Are There Enough Women Truck Drivers?

23 February 2022

The Covid-19 pandemic has proven beyond reasonable doubt that road freight transportation is the lifeblood of the global economy. Goods moved by air, rail and even pipeline may very well end up at the back of a truck headed to a manufacturer, distributor, warehouse, retailer, or any other customer in the supply chain. Road freight is frequently required at the start and finish of a multimodal transportation chain (first/last mile). This highlights the fundamental role of the truck driver to our modern societies. We rely on efficient and dependable road freight transportation systems to get our goods to the shelves. 

That as it may, the heavy-duty truck driving industry is dominated by an aged male population nearing retirement. This is notwithstanding the serious shortage of skilled truck drivers globally. The industry needs as many truck drivers as possible to replace those retiring and the replacements don’t look like millennials, and not to mention Gen Z. Could women of all ages fill this gap? 

Because of our gender conditioning, it has always been hard for men and women alike to consider the idea of women spending days on end on the road moving cargo. In 2002, a report found that the average age of women truck drivers was between 41 and 45 years old, and 74% had children. Interestingly as of 2021, Zippia’s reported that the average age of females in trucking is 48.5 and males 47.4.  

In the US, Zippia found that 9.1% of all truck drivers are women, while 88.3% are men. This is out of an estimated 1,441,014 truck drivers currently employed in the United States, with woman earning 87% of what men earned in 2021.  

Read: Truck Driver Statistics and Facts in the US 

In the UK, less than 1% of truck drivers are female. Scania states that around 2,200 of the 315,000 registered truck drivers in the UK are female. In 2021, founder of Commercial Transport Academy (CTA), Nicci Scott stated that data indicates that women make up less than 1% of the working driver population in South Africa, and in Australia this figure is at around 20%.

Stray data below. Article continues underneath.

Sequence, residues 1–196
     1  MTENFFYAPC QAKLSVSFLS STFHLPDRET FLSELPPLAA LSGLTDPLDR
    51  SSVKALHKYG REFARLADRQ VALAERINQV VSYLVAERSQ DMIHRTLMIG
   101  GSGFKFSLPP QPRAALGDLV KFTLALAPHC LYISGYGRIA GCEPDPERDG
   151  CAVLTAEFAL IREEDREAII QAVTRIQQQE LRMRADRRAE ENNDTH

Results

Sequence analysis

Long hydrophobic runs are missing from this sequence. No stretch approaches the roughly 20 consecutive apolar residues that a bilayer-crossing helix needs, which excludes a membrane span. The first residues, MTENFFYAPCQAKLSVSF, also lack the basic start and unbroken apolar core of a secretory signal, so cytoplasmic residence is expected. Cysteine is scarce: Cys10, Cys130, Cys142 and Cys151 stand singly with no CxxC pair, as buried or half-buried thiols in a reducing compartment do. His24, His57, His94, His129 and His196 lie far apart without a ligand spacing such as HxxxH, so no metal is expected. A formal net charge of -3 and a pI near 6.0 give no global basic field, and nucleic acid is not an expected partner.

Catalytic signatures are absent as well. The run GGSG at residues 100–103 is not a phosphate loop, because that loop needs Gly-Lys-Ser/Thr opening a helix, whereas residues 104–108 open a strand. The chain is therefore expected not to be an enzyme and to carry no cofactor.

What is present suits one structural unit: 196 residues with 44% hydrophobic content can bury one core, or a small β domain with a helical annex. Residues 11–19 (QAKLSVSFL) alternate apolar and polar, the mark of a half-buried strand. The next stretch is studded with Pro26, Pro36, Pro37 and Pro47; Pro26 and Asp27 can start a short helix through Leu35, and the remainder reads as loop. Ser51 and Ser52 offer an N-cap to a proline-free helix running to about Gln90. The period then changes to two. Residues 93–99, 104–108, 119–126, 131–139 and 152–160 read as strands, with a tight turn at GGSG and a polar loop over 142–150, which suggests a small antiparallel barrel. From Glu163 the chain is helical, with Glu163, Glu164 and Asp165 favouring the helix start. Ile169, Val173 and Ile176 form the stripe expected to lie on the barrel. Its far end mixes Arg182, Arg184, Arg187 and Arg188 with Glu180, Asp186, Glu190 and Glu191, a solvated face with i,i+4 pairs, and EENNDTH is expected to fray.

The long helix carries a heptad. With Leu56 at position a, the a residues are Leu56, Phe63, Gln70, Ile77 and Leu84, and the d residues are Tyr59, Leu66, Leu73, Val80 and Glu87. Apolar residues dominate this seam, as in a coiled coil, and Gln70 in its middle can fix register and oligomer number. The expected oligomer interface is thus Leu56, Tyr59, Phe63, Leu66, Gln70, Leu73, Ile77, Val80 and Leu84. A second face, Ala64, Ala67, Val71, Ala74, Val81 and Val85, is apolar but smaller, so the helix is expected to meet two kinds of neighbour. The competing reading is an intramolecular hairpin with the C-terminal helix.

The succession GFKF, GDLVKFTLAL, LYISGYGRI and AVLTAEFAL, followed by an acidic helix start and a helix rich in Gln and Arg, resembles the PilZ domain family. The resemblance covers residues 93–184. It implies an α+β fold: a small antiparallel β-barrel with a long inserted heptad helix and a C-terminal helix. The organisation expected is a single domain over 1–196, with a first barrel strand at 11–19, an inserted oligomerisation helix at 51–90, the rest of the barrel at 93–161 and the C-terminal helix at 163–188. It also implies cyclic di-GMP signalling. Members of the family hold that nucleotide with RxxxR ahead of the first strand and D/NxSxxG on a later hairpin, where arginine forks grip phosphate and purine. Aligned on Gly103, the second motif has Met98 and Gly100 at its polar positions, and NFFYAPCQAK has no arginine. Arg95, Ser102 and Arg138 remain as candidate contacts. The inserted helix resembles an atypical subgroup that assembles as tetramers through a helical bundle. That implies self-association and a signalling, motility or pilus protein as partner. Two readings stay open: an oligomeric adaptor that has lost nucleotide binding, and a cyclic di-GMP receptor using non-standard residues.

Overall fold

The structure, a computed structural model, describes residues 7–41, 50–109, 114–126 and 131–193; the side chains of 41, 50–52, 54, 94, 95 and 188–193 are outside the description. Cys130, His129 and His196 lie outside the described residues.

Read: Unlocking opportunities for female truck drivers 

Even though there are fewer female drives on the roads than males, there is a view that female drivers are safe, reliable, and at least as hard working as male drivers. The American Transportation Research Institute states that female drivers are 20% less likely to be involved in a crash. Relative to females, male truck drivers had 88% increased likelihood of receiving a reckless/careless/inattentive/negligent driving conviction. 

Read: The Safety Case for Bringing More Women to Trucking 

In South Africa, the unstable, and often violent environment to which truck drivers are exposed may be seen as a limiting factor when attempting to recruit new truck drivers. However, there are initiatives focused on developing female truck drivers such as the collaboration between the Commercial Transport Academy and Woman In Trucking Africa. They argue that besides ensuring equal opportunities for both male and female students, women are softer on their vehicles, reducing warranty claims and damages. Their programmes push for transformation and inclusivity in the sector.  

Indeed, there are women now defying the odds despite the traditional stereotypes in the logistic sector. According to the International Transport Forum, as technology progresses and digital innovations are implemented throughout the sector, the old idea that transportation-related employment requires physical strength is becoming less important. 

Whilst more women are now taking up the so-called non-traditional jobs in the logistics sector, they are still too few and more still needs to be done to attract women in the trucking industry. 

Written by Staff Content Writer, Raymond Moyo.